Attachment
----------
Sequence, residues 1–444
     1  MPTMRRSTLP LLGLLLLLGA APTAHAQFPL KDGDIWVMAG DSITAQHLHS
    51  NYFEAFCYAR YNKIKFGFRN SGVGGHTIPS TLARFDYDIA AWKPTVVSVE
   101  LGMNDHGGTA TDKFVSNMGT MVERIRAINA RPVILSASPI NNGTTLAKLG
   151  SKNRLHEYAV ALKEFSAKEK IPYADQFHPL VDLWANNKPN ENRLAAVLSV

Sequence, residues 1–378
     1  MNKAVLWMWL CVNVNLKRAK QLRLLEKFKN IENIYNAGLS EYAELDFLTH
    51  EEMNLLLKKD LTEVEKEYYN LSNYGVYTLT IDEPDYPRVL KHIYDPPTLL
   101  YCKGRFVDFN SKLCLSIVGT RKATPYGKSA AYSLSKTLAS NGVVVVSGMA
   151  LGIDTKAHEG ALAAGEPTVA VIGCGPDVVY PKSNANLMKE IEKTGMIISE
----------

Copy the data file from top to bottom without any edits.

Sequence, residues 1–444
     1  MPTMRRSTLP LLGLLLLLGA APTAHAQFPL KDGDIWVMAG DSITAQHLHS
    51  NYFEAFCYAR YNKIKFGFRN SGVGGHTIPS TLARFDYDIA AWKPTVVSVE
   101  LGMNDHGGTA TDKFVSNMGT MVERIRAINA RPVILSASPI NNGTTLAKLG
   151  SKNRLHEYAV ALKEFSAKEK IPYADQFHPL VDLWANNKPN ENRLAAVLSV

Sequence, residues 1–378
     1  MNKAVLWMWL CVNVNLKRAK QLRLLEKFKN IENIYNAGLS EYAELDFLTH
    51  EEMNLLLKKD LTEVEKEYYN LSNYGVYTLT IDEPDYPRVL KHIYDPPTLL
   101  YCKGRFVDFN SKLCLSIVGT RKATPYGKSA AYSLSKTLAS NGVVVVSGMA
   151  LGIDTKAHEG ALAAGEPTVA VIGCGPDVVY PKSNANLMKE IEKTGMIISE